MG TC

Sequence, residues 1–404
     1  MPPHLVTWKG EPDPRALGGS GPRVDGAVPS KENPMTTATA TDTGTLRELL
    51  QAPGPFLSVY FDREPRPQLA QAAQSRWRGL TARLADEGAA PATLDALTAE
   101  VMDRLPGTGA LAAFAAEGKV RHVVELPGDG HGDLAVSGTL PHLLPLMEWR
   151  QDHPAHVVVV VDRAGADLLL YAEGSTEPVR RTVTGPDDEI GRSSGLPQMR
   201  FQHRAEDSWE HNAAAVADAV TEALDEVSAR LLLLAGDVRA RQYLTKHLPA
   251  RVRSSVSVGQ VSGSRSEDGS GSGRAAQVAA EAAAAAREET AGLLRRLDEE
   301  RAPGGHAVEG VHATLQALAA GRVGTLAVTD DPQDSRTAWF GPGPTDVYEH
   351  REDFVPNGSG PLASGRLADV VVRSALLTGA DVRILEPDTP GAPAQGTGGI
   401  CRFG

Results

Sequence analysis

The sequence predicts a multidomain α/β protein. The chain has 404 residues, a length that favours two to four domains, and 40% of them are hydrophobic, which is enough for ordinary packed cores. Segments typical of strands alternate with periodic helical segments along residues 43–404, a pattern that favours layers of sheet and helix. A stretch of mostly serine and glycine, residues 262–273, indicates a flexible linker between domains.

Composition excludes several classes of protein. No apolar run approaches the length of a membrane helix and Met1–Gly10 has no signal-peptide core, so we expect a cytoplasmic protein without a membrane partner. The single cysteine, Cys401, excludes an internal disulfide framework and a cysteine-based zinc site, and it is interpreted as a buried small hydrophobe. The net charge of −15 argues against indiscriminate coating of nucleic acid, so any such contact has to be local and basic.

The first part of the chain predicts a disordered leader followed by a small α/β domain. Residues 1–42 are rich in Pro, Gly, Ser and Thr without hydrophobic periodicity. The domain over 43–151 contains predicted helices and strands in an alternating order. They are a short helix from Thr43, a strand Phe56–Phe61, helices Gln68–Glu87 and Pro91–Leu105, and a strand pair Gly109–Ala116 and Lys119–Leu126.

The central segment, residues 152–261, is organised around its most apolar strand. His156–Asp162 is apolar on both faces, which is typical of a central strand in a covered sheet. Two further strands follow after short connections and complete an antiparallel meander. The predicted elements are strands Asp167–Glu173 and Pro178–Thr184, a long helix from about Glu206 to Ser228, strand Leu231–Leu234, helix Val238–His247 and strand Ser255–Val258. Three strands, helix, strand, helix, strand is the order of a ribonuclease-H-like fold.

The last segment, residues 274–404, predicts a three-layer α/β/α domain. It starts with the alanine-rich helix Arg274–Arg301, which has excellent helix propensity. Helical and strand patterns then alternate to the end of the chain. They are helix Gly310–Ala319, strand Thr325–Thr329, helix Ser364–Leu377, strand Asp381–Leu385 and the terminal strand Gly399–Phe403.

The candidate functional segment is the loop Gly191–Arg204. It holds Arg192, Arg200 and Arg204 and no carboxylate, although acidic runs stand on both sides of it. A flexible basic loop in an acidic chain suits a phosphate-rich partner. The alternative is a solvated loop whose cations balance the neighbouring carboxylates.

The MG TC was the first post-war MG and it was launched in 1945. It was much like the pre-war TB, as it shared the same engine although with a slightly higher compression ratio of 7.4:1. This gave the TC 54.5 bhp at 5200 rpm but because it was using more modern interior design components, it allowed for a wider cockpit. The TC was exported to the United States, which was odd given that it was only ever built in right hand drive. The export version did have slightly smaller United States' specification sealed beam headlights and larger twin rear lights. This also included turn signals and chrome-plated front and rear bumpers. Needless to say, the export version looked quite different from the original design. This seemed to not be a problem though, as over 10,000 were produced, which was a large number by MG standards. The entire MG T series of cars, which included the TA, the TB, the TC, the TD and the TF, where basically body-on-frame sports cars that were produced from 1936 through to 1955. Later, they were replaced by the MGA. The first postwar cars were revivals of the 1914 14hp models. Granted, the latter were enlarged to a 15.9hp (2813cc). Much like the later 1920s cars they were reliable and well built, and were noted for their excellent all-weather equipment. The TC is equipped as a 4080n ccm, 16 HP beast, with a 4-speed gearbox. This car comes in weighing 1700 kg car, and imports were handled by company known as BOS A/S. Being the first postwar MG as previously mentioned, it was quite similar to the pre-war TB. This may be seen as a pitfall of the model as people were somewhat hesitate to be reminiscent, and rather, the focus was to the future, and not the past. It seems that a whole new design concept would have been favored.